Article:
Lot 61
  • 61

Gari Melchers

50,000 - 70,000 EUR
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  • Gari Melchers
  • Sunday Mass
  • signed l.r.
  • oil on canvas
  • 120,5 by 97 cm.


Walther Rathenau (1867-1922), Berlin (probably acquired at the 1895 Grosse Berliner Kunstausstellung)
Mathilde Rathenau-Nachmann (1845-1926), Berlin
Bequeathed by the above in 1926 to the Städel Museum, Frankfurt am Main in memory of her son, Walther Rathenau
De-accessioned by the Städel Museum in 1991 and presented to the Walther Rathenau Gesellschaft
Acquired from the above by the present owner in 2009

Walther Rathenau was an important Berlin industrialist, writer and founder of the German Democratic Party. As Minister of Foreign Affairs he was murdered in 1922 by officers of the extreme right wing party because of his Jewish background and political ideas.


Grosse Berliner Kunstausstellung 1895, no. 3190
Grosse Berliner Kunstausstellung 1900, no. 2629






Diane Lesko; Esther Persson, Gari Melchers, St. Petersburg, Florida, 1990, Museum of Fine Arts; illustrated on p. 64.



Original canvas. A minor horizontal stretchermark in the centre. A small area of craquelure in the green panel of the pew to the right and in the skirt of the girl in the foreground. A retouch around the neck above the collar of the girl in the foreground. A vertical retouch of approx. 14 cm in the face of the girl to the right. In good condition.
"In response to your inquiry, we are pleased to provide you with a general report of the condition of the property described above. Since we are not professional conservators or restorers, we urge you to consult with a restorer or conservator of your choice who will be better able to provide a detailed, professional report. Prospective buyers should inspect each lot to satisfy themselves as to condition and must understand that any statement made by Sotheby's is merely a subjective, qualified opinion. Prospective buyers should also refer to any Important Notices regarding this sale, which are printed in the Sale Catalogue.

Catalogue Note

During the nineteenth century, every self-respecting American artist would travel to Europe. Studying at the academies in France and Germany, they travelled to Holland in summer to see the famous Old Master paintings. In the last quarter of nineteenth century, when the Old Masters became more widespread, sketching the contemporary Dutch life and landscape became their main goal. Many painters who used to visit Holland only during summertime, stayed for months and came back year after year or even settled at art colonies in the Dutch countryside.

Attracted by the pictorial marine views, shipping and fishing industries and farm life, Julius Garibaldi (Gari) Melchers moved to Egmond-aan-Zee in 1884. There he founded an art colony together with George Hitchcock (1850-1913), and built reputation as chroniclers of Dutch peasant life. Their contact with the local people didn't withhold them from painting the Dutch in a stereotyped manner: independent, honest, devotional and strong. The inhabitants of Egmond felt honoured to be portrayed, as they used their devotion as a model for the world.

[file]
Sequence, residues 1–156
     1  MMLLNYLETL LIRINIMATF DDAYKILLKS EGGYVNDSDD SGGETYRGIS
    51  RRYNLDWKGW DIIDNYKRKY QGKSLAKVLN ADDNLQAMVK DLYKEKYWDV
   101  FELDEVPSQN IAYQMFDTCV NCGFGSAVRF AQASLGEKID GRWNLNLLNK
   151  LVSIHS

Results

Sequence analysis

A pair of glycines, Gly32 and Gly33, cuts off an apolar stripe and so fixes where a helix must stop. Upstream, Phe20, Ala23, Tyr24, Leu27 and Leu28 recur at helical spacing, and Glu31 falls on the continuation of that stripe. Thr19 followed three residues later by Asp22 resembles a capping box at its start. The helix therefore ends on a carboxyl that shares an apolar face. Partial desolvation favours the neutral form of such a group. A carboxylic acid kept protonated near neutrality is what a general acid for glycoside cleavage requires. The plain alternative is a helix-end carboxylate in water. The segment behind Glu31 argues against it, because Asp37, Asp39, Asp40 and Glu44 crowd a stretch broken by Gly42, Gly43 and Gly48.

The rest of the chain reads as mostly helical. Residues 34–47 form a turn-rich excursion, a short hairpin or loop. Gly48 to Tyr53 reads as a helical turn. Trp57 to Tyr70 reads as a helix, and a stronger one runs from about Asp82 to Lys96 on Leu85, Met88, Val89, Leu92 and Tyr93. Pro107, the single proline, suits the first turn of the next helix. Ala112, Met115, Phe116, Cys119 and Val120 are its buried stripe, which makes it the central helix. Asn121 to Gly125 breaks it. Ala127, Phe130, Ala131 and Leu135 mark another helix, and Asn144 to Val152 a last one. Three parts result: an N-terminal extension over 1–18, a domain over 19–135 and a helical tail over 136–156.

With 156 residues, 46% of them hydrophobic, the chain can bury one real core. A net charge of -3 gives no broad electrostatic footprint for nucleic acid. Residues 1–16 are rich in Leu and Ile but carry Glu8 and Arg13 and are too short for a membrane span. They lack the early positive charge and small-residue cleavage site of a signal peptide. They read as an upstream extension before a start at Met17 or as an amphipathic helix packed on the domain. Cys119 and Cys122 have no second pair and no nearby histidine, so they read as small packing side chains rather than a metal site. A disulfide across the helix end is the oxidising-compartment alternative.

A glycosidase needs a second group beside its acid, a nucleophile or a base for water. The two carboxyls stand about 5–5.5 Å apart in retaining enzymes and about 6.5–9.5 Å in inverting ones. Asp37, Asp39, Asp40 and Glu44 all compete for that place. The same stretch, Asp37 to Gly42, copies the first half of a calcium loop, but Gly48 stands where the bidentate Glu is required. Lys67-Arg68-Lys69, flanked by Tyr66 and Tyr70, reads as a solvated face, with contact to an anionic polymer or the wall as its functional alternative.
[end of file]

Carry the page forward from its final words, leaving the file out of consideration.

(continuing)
During his first months in Egmond, Melchers painted mostly genre paintings with fisher folk, in the grey colours familiar of the Hague School painters. Soon he started painting in more fresh colours. In the present lot the influence of the Hague School has disappeared. Instead the fresh green, red and purple colours show impressionistic influences. The painting shows the interior of a church, possibly the Reformed Church of Egmond-Binnen. The attention given by Melchers to depicting the different figures demonstrates Melchers' qualities as a storyteller. Not only their faces, but also their poses are carefully depicted. Their traditional Dutch clothes, of which Melchers owned a large collection from all over Holland, are also shown to the smallest detail. In this painting he combined the regional Veluwe cap with a North Holland dress on the center figure and placed a worshipper in typical Egmond headdress next to her. Like the famous Dutch flower painters who mixed winter, spring and summer blossoms in one picture, Melchers asssembled costumes from various provinces for greater pictorial effect.

The painting shows some similarities to 'The Sermon', (Smithsonian American Art Museum, Washington), which he painted in 1886. For this painting Melchers was rewarded with an honourable mention at the Paris Salon, a first class golden medal at the Exhibition of Living Artists in Amsterdam and awards in Munich, Brussels and Chicago.

In 1889, Melchers reached the height of his career when he and John Singer Sargent became the first two American painters to be distinguished with a Grand Prize at the Paris Universal Exposition. This honour stamped the twenty-nine year old Melchers as the leading American proponent of Naturalism.